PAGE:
Careers & Training

ScottsRL apprenticeship program delivers results

Scott’s Refrigerated Logistics has launched its Heavy Vehicle Mechanic Apprenticeship Program, with the aim of inspiring new talent and setting the business in good stead for the future.

With a fleet of around 550 trucks and 1000 trailers across its 23 depots, a good team of mechanics is pivotal to keeping it all moving.

Discussions for the current apprenticeship began about 18 months ago. Over that time, ScottsRL has grown its number of apprentices from one to 13, in a pool of around 60 diesel mechanics. And there are hopes even more apprentices will become part of the business in the near future. 

Lachlan Muir was one of the most recent apprentices to join the business. He finished Year 12 in 2018 and had been working in similar mechanical industries, before joining the Morningside workshop in Brisbane.

ScottsRL has six workshops, located at the Laverton, Ormeau, Morningside, Prestons, Erskine Park and Direk depots – and now there are apprentice diesel mechanics at every one of these sites.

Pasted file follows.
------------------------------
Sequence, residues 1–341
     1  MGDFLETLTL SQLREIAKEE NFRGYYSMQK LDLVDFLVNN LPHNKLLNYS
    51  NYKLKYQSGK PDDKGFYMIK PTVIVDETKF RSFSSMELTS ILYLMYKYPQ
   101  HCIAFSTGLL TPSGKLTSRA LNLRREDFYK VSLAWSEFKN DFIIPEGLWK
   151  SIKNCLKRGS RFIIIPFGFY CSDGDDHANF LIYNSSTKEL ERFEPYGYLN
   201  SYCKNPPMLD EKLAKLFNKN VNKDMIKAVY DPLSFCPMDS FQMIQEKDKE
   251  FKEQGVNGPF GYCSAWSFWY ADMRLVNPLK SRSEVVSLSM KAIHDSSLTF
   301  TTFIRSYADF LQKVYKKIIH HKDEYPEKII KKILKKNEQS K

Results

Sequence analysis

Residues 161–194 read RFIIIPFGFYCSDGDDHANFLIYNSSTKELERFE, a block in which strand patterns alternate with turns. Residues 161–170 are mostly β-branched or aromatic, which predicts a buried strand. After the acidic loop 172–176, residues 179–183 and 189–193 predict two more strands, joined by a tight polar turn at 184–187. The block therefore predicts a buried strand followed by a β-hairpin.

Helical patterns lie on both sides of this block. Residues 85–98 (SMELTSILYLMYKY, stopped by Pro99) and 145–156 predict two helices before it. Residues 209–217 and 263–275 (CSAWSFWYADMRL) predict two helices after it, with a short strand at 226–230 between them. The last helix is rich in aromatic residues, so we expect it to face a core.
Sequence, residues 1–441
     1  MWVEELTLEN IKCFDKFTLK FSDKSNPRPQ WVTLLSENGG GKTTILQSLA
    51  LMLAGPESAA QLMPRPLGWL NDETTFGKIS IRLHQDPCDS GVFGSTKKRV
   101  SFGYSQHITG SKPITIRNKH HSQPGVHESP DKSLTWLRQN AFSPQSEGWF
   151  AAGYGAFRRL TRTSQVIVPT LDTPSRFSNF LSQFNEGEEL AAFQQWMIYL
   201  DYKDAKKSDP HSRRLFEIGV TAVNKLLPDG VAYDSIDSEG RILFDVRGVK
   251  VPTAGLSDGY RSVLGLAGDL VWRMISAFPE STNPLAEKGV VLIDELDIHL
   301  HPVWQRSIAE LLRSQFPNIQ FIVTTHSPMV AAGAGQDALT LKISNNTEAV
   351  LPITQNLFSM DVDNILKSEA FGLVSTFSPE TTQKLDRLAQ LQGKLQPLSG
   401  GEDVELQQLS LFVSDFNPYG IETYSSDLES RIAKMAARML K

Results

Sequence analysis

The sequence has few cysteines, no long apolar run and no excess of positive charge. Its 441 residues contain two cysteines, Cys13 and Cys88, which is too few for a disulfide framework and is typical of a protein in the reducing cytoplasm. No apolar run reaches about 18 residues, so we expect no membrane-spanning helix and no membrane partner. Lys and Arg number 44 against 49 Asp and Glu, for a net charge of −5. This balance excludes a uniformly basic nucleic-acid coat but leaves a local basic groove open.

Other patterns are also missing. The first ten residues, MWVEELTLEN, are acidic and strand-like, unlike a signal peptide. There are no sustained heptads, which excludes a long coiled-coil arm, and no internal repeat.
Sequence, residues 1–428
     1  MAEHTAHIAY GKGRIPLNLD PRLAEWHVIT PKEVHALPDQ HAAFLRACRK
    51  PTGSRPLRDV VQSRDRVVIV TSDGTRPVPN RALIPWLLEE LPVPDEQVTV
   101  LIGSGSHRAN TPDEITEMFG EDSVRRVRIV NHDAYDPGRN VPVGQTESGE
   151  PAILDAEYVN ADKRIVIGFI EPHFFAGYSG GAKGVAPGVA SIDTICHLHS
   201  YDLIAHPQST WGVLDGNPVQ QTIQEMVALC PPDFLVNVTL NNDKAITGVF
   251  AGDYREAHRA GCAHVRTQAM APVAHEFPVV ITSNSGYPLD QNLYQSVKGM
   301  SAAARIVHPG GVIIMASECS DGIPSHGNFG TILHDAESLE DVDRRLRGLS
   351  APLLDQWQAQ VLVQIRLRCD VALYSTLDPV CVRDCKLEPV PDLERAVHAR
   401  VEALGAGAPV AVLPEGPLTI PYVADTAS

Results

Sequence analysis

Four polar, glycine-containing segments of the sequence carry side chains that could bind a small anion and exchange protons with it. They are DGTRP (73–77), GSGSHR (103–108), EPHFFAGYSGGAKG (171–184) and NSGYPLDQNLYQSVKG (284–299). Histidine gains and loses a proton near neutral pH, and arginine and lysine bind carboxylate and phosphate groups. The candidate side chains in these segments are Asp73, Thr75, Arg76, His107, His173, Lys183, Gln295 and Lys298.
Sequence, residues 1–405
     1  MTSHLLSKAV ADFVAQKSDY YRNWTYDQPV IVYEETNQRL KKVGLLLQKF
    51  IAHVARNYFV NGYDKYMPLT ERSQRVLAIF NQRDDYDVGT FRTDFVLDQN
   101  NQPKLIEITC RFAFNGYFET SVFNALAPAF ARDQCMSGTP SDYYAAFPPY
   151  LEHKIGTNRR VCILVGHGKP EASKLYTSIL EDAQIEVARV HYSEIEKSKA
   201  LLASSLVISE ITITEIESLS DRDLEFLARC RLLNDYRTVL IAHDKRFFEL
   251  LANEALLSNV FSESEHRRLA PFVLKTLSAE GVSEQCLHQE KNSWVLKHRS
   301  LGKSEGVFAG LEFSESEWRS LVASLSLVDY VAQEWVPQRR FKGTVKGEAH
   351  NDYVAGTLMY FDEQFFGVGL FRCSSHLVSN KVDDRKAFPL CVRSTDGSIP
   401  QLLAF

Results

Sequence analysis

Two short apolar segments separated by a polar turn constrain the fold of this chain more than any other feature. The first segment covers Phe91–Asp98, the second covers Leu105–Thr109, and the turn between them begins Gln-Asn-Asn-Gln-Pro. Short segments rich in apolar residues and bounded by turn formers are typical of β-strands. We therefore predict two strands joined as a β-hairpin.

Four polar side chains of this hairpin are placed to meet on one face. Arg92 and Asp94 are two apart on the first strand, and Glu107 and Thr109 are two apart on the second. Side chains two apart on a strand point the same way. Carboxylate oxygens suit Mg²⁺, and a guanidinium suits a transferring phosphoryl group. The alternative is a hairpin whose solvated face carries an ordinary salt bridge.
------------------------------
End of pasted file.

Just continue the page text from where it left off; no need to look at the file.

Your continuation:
As part of the apprentices’ development, ScottsRL has engaged with two key partners MIGAS and AI Group, which source and employ program participants. TAFE is the Registered Training Provider that then delivers the training. The program provides tailored technical training and employability skills, that aim to instil confidence, and increase communication and team working skills; with apprentices undertaking a four-year nationally recognised qualification.

Scott’s Refrigerated Logistics Training Coordinator Brenton Veale explained how the program came to be. “We’ve always had apprentices in the business but our key focus was not on the mentoring and developing of our future workforce. With this change in direction our staff retention and morale has shifted in a positive direction” he said.

“It’s a difficult industry to employ for. Unfortunately, there aren’t a lot of young people who want to become diesel mechanics, but we’re trying to change that mindset. Diesel mechanics are a dying breed, so we have to create our own workforce. If we don’t invest in our future, we will never get to the next level – the skillsets will disappear and the knowledge will vanish, so these sorts of programs are pivotal to our business.”

Looking ahead, ScottsRL plans to attend school apprenticeship days too, with the aim of attracting more career focused apprentices into the business.

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